Don Edwards Literary Memorial

December 24, 2008


Occasionally I have been asked by various people whether or not I believe in miracles. I usually say I believe in preposterously unlikely events. If pressed, I will sometimes say that there are phenomena that can’t be explained. Here is an example.

Picture this. A young man leaves the monastery at the age of 20. He has never dated, learned to dance, kissed a girl. He is as socially naïve and inexperienced as it is possible to be at that age in the 1950s American culture. And shy, painfully shy.

That summer he gets a job as a lifeguard. Talk about an experience an ex-monk dreams about. He is a lifeguard. Girls like lifeguards. He likes girls and is a lifeguard. End of story? Well, no…it turns out this young man looks like he’s around 13 years old and all the teeny-boppers love him. Girls his own age think he’s in Junior High. This does not enhance his experience with girls at all since he has a conscience and won’t mess around with little girlies. In any case, they still write him at college for over a year. Bummer.

So he goes to a little college a continent away. This school studies weird stuff. They don’t have text books. They go to the original sources. For math they go to Euclid and Ptolemy. They study ancient Greek and translate Euripides, Aristophanes and Herodotus. They read plays, history and philosophy from the Greeks who wrote them. This does not trouble the young man at all. He’s already had much of this material at a nice Catholic college when he was a monastic guy. He had taken five years of Latin. He was good at math. He already knew how to prove the Pythagorean Theorem.

There was this girl in all of his classes. ALL of his classes. She was pretty and smart, but she was clueless when it came to Herodotus and Euclid. Even though she was right out of high school, she knew the ropes when it came to the boy/girl business. One day she asked him if he would help her with her math. Another day she asked him if he would help her translate Herodotus. During one of their study sessions, she said she had to go get a coke. Two hours later he was still waiting. So while he walked back to his dorm, he saw her talking to a guy in a cozy alcove. She called the next day to apologize, but he was having none of it. Right. That night they were studying Ptolemy and Aristophanes again.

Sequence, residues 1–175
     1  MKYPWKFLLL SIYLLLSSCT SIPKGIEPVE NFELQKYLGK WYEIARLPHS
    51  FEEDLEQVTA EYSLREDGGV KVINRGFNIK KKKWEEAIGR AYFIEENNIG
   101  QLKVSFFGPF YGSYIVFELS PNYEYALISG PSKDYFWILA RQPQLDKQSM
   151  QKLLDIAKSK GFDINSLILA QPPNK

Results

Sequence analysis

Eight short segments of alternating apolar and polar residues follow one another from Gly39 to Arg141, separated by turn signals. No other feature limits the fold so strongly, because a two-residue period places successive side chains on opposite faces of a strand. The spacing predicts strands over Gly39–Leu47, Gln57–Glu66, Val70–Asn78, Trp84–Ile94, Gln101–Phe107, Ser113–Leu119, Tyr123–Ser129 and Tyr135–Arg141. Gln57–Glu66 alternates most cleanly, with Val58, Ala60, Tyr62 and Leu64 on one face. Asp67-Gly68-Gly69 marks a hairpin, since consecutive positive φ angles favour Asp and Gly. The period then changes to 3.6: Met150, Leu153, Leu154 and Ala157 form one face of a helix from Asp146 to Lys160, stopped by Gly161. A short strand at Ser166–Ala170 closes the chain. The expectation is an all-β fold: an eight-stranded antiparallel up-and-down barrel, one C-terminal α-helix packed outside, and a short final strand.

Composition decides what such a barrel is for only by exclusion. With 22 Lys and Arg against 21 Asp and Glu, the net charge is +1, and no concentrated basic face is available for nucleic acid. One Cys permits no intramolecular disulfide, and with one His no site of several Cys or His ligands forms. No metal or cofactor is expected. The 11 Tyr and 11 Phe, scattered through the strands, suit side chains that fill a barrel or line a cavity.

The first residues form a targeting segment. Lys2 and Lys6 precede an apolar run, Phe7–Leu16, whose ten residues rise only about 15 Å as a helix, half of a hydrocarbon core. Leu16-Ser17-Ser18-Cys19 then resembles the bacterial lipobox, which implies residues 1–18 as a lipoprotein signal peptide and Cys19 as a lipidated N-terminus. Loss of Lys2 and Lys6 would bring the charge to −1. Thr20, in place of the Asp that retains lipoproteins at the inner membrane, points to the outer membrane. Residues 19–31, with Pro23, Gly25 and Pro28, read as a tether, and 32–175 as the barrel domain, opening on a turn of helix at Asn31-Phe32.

This turned out to be a regular thing. He was good at math and language, she was a good kisser. Each brought skills to the relationship. He fell in love and as hard as that is to believe, so did she.

A year passed. He stayed for the summer, got a job with a big electronics company called Westinghouse, became an “apprentice electrical engineer.” That is a code word for ‘gopher’. The girl went home, got a summer job, made some money and came back in the fall. They decided to get married. They had no money, so their friends helped out with food and decorations; it was a great wedding attended by friends from their former college and work. To save some money, they chose a date near Christmas so that the church would already be decorated. The minister’s wife played the organ, a gift since they couldn’t afford to hire musicians. Afterwards, the young man invited the entire entourage to their apartment to have a snack and a drink. Picture this: fifty people in the bride and groom’s tiny apartment with no bedroom a pullout couch. The bride apparently still loved him in spite of his excessive dumbness, but there was probably a lot of eyeball rolling.

Oh, yes. I forgot to mention that the wedding took place on December 21, the looooooongest night of the year. Good deal for the groom. Poor bride.

Fast forward. It is fifty-two years later. They are still married. They’ve lived in six countries, traveled around the world, had adventures and produced four children.

And they still love each other.

So what do you think? The very first girl the young, ex-monk dated turned out to be the love of his life. That has got to be more than luck, more than a preposterously unlikely event.

A Miracle? Maybe.

Filed under: DON POSTS — Don @ 12:30 am

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